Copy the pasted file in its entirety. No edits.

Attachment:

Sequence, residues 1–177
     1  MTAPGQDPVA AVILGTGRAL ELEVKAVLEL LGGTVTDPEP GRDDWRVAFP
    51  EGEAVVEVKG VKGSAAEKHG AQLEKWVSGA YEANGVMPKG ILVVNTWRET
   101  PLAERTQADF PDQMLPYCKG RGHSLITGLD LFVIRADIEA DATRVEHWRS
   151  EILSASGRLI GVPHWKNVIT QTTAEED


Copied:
Sequence, residues 1–177
     1  MTAPGQDPVA AVILGTGRAL ELEVKAVLEL LGGTVTDPEP GRDDWRVAFP
    51  EGEAVVEVKG VKGSAAEKHG AQLEKWVSGA YEANGVMPKG ILVVNTWRET
   101  PLAERTQADF PDQMLPYCKG RGHSLITGLD LFVIRADIEA DATRVEHWRS
   151  EILSASGRLI GVPHWKNVIT QTTAEED